Diamonds, Love, and UFOS...
When struggling artist/shoe clerk Caddy Keyhoe stumbles across what may be a lost and untraceable diamond, her first reaction is down-to-earth: Maybe I can sell it. But how odd to be finding it in the gutter now, after last night’s dream of a UFO scattering bright gemstones. Research via Google leads her to the website of melancholy Alec Rix, semi-failed writer and newly-minted UFO authority—courtesy of his published interview with octogenarian Hatchell T. Beckham Sr., retired from farming and strangely eager to discredit the new crop circle on the Beckham property. The crop circle perpetrated by a neighborhood hoaxer. Or by those blazing diamond-shaped UFOs that just about everybody in Hopkins, South Carolina—except old Hatch—claims to have seen…?
As Caddy’s art career takes a magical turn for the stratosphere, Alec’s friendship with Hatch deepens through the old farmer’s tale of his long-lost family. Could there be a book in this? the blocked author has to wonder. But when pursuit of the story sends him blundering into radiant Caddy on the biggest night of her life, priorities immediately change. Because what can it really mean, to “follow a star”? And what does Hawaii have to do with it?
A feet-on-the-ground story with its head in the clouds, Diamonds In The Sky reports from the Unknown with quiet wit, endearing characters, and the speculation that love just might be forever—even if not all diamonds are.
Great Balls of Fire!
By Alec Rix
Special to The State
HOPKINS, S.C.— It was the barking of dogs that alerted residents of this rural community early yesterday morning to a vision most of them never expected to have, the sighting of several apparent UFOs.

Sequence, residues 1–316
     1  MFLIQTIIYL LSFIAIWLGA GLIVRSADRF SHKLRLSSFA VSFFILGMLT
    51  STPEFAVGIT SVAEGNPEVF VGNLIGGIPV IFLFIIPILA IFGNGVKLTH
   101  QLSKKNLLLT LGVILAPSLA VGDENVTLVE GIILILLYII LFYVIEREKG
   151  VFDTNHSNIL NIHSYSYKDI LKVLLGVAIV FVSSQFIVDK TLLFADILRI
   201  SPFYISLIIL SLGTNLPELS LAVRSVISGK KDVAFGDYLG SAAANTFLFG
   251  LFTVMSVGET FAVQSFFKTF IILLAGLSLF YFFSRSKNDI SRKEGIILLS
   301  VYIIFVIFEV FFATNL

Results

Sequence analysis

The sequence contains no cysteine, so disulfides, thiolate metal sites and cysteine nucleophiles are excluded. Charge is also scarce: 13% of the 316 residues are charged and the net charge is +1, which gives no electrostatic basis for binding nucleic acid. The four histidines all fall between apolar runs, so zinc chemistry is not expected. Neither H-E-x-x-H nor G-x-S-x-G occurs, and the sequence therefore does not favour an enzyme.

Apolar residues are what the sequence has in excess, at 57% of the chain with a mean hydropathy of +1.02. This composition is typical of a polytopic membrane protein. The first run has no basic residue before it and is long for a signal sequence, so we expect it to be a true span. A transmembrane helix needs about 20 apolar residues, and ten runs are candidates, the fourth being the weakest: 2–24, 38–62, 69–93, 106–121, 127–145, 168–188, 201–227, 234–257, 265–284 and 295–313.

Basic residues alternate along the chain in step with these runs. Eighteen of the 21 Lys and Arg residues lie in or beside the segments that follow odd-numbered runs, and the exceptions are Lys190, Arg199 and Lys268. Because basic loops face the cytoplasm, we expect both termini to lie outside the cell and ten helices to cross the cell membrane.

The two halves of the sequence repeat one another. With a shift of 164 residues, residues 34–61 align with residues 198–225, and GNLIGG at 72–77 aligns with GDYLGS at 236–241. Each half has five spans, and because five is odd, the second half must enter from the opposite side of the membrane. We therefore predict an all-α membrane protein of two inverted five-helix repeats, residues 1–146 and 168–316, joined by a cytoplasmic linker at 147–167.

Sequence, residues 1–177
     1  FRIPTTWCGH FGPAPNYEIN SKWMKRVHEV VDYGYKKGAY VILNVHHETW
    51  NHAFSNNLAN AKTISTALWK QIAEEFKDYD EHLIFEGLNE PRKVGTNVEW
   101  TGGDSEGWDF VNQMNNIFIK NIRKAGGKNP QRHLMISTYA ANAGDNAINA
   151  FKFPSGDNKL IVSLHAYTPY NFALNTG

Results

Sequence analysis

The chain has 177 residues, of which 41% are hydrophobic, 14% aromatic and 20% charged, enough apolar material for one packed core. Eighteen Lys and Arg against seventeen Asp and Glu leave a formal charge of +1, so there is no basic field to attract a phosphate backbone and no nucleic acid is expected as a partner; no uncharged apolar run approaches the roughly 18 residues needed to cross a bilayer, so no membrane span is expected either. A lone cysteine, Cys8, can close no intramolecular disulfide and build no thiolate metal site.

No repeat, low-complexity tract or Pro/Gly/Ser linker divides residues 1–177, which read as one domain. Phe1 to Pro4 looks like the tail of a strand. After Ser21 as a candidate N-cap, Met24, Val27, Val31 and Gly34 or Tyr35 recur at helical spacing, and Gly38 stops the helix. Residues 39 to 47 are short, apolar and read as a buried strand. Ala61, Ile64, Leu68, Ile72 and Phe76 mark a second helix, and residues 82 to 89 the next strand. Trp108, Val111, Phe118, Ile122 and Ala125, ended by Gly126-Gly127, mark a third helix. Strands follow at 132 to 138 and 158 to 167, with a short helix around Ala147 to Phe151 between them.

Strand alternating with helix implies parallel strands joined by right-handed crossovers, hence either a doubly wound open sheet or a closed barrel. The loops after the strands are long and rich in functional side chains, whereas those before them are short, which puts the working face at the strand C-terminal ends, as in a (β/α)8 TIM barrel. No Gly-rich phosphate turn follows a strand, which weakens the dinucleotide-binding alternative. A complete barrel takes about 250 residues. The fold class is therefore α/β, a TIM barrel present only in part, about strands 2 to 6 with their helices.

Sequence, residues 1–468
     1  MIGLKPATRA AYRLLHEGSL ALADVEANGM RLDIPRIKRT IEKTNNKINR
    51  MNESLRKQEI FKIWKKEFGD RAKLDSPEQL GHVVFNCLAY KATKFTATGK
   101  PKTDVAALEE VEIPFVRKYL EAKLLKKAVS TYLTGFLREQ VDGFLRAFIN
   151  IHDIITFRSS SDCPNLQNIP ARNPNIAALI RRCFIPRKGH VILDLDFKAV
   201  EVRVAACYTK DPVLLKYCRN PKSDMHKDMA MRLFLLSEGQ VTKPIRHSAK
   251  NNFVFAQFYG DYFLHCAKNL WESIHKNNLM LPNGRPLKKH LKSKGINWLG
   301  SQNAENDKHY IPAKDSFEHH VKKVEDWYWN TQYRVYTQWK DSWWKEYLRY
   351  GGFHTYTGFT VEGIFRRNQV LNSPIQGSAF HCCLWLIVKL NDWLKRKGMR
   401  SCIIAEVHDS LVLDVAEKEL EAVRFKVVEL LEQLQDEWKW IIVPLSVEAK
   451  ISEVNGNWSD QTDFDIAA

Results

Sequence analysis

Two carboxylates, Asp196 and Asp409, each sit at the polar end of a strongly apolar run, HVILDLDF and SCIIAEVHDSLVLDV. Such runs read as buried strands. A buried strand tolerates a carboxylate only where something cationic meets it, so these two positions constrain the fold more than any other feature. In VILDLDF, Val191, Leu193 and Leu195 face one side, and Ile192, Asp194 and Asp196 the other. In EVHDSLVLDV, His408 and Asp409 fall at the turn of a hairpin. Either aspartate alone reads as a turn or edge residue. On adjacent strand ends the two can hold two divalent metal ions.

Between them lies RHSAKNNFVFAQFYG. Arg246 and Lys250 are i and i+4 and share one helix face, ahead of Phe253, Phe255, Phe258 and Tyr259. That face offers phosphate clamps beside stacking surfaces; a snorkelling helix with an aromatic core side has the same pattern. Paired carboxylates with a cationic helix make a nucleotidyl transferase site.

“My husband went out to see what was up,” said Nancy Allison, 46, “and then called me. What looked like bright stars were zigging and zagging overhead, only bigger and way more brilliant than any kind of star. They stopped and started and moved so fast, we couldn’t keep track of them. But I’d say there were at least five in number. Not flat like saucers, either, more like headlights shining right into your eyes. I guess the whole thing lasted maybe ten minutes but in all that time and until they flew off, not one single sound could be heard. Except barking.”
“I couldn’t tell what I was seeing,” testified neighbor Brandon Funderburke, 19. “I was coming back from Denny's [Restaurant] along about four A.M. and pulled off the road up there on the hill to watch through my rifle's scope. Two of several had stopped over Mr. Hatch's place.” Funderburke indicated the nearby property of a neighbor. “And when I got a bead on one, you could tell it was smooth with no windows in it or anything. It had a pointy top, a pointy bottom, and the sides stuck out from it like a baseball diamond. It was shiny like a diamond, too. Then the grass in Mr. Hatch’s pasture flattened out underneath it. And I was all, like, ‘Whoa!’ ”
This rural section of lower Richland County, eleven miles from downtown Columbia, possesses little verifiable prior history of UFO sightings. Radio and television stations in the capital city received calls from eyewitnesses both during and after the event.
Speculation by one eyewitness leaned toward military operations at nearby Shaw Air Force Base in Sumter County. "What with the war in Iraq and Afghanistan, the government has to test secret weaponry," opined Jeffrey Allison, 48. "I just hope it scares al-Qaeda as much as it does bird dogs."
Air Force officials could not be reached for comment.